Humankind as we know it arrived on the scene a couple of hundred thousand years ago, and scattered around the globe in relatively small numbers. By about 40,000 years ago less than a million of us had spread to inhabit niches over most of the planet. Locally humans may have had some effect on the environment, but not much on a global scale.

    The development of agriculture some 10,000 years ago would have seen the start of human activity having a greater effect on the environment. With a population of only a couple of million or so, relying on natural cycles and local
    resources for their farming systems, they had little effect outside their immediate environment.

    It is only in the past few hundred years that our numbers have increased exponentially. It was only 200 years ago that we reached a billion souls; now we are over 7.5 billion. With that our demands on the environment have increased, as have our economic expectations. With the coming of the industrial revolution we needed more concentrated sources of energy, which we found in the stores of coal, oil and gas, laid down over millions of years. In a relatively few years vast amounts of gasses such as carbon dioxide and methane have been released as a result of human activity, at a faster rate than the natural environment can cope with to maintain an equilibrium.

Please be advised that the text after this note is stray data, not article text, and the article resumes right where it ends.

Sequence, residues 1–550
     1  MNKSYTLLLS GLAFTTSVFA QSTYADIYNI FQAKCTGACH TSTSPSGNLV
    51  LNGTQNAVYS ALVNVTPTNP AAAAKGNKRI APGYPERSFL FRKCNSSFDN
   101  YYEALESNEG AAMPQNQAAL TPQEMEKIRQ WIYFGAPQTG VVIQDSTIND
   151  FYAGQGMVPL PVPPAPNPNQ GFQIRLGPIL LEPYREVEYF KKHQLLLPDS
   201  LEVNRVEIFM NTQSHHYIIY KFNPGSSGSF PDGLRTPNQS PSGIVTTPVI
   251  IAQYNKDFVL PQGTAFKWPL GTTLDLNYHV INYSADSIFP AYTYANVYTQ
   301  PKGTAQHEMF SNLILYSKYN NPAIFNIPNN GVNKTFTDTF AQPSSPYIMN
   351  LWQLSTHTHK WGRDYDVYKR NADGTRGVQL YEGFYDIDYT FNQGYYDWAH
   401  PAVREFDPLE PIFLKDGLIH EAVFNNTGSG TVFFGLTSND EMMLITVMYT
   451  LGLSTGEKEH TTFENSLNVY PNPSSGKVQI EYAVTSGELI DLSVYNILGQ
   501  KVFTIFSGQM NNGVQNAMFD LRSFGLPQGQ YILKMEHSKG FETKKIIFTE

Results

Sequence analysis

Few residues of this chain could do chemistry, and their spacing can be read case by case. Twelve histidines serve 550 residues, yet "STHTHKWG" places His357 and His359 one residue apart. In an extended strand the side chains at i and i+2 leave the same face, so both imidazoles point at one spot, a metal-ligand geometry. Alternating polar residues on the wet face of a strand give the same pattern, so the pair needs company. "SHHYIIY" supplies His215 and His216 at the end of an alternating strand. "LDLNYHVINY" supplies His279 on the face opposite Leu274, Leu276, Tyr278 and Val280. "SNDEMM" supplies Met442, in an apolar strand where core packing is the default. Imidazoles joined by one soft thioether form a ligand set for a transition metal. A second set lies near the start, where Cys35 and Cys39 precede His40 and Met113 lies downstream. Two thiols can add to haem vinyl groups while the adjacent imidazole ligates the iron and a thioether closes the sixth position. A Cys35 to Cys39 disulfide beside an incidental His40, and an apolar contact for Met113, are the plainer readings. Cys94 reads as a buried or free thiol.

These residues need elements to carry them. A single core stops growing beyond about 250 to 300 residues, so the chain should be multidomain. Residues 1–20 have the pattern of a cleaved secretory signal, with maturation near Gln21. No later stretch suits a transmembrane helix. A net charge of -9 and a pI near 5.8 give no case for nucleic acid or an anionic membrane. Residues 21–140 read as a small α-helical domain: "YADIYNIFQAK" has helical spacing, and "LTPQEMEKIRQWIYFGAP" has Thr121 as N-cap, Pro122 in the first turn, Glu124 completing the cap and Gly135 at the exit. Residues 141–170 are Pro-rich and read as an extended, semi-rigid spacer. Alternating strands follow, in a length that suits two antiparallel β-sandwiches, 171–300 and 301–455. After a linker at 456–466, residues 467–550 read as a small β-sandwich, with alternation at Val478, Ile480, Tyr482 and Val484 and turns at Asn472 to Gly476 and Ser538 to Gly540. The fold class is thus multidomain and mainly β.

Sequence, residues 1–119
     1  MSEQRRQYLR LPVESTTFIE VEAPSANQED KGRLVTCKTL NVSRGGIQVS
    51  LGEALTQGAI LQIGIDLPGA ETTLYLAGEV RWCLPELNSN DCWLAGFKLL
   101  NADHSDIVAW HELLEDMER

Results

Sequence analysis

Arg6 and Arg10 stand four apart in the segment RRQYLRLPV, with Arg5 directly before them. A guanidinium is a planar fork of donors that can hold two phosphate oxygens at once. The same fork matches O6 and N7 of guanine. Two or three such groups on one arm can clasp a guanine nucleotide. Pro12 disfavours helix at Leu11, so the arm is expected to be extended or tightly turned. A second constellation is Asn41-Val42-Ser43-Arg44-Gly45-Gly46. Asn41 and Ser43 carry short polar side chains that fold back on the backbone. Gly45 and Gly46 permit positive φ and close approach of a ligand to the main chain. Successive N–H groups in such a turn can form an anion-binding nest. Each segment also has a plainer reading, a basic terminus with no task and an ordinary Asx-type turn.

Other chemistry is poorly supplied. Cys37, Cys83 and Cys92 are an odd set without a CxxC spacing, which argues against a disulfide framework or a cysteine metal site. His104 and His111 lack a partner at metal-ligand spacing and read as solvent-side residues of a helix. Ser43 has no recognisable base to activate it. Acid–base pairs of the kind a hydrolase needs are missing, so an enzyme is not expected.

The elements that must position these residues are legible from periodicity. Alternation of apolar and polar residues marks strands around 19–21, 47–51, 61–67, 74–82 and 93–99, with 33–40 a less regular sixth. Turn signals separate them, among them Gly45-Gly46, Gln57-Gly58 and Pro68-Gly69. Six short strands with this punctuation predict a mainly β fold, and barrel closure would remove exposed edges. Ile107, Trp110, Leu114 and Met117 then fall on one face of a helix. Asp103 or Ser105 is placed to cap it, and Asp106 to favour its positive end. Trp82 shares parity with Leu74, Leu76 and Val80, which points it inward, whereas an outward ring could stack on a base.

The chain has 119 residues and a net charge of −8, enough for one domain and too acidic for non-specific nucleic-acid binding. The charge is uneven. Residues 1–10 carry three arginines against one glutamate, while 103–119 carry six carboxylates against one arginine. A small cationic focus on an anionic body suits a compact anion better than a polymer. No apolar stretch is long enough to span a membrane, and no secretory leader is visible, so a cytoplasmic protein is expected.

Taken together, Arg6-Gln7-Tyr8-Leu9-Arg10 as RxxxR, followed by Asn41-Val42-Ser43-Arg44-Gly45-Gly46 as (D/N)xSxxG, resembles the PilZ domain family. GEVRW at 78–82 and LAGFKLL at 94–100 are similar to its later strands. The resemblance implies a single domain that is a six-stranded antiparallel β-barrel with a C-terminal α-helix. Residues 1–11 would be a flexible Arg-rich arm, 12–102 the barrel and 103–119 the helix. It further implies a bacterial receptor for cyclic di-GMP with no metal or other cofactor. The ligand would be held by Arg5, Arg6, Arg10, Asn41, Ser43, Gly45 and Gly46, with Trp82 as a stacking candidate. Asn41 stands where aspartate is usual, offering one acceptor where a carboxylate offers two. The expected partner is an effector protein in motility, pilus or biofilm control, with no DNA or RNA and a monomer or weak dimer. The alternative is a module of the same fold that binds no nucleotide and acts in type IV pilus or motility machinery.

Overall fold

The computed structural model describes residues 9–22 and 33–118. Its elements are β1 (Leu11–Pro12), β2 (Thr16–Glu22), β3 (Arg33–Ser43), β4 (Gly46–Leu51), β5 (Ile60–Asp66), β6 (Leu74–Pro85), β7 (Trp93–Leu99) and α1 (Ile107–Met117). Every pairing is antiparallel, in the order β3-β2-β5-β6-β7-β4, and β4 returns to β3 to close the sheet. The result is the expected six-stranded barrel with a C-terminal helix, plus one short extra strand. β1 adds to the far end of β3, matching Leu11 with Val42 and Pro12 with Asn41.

Add to that, the development of land use practices in the form of farming and forestry to cater for the rapidly increasing population, and the concentrations of large numbers of people in urban areas (with a corresponding concentration of energy use and waste production).

    Over millions and billions of years, climate change has largely been natural. However in recent times mankind, with ever increasing numbers and expectations, has effectively become a catastrophic event. While climate change is not 100% man made, recent climate change is far from entirely natural.
     
  21. Snoopy4 macrumors 6502a

    Snoopy4

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  22. SteveW928 macrumors 65816

    SteveW928

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    #23
    How do we know it will be a catastrophic event?

    For example, this is probably good:
    https://www.nasa.gov/feature/goddard/2016/carbon-dioxide-fertilization-greening-earth

    Catastrophic predictions seem to rely on pretty shaky models that haven't proved to be realistic at all yet.
     
  23. Micky Do, May 16, 2018
    Last edited: May 16, 2018

    Micky Do macrumors 68000

    Micky Do

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    #24
  24. SteveW928 macrumors 65816

    SteveW928

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    Victoria, B.C. Canada
    #25
    Please elaborate.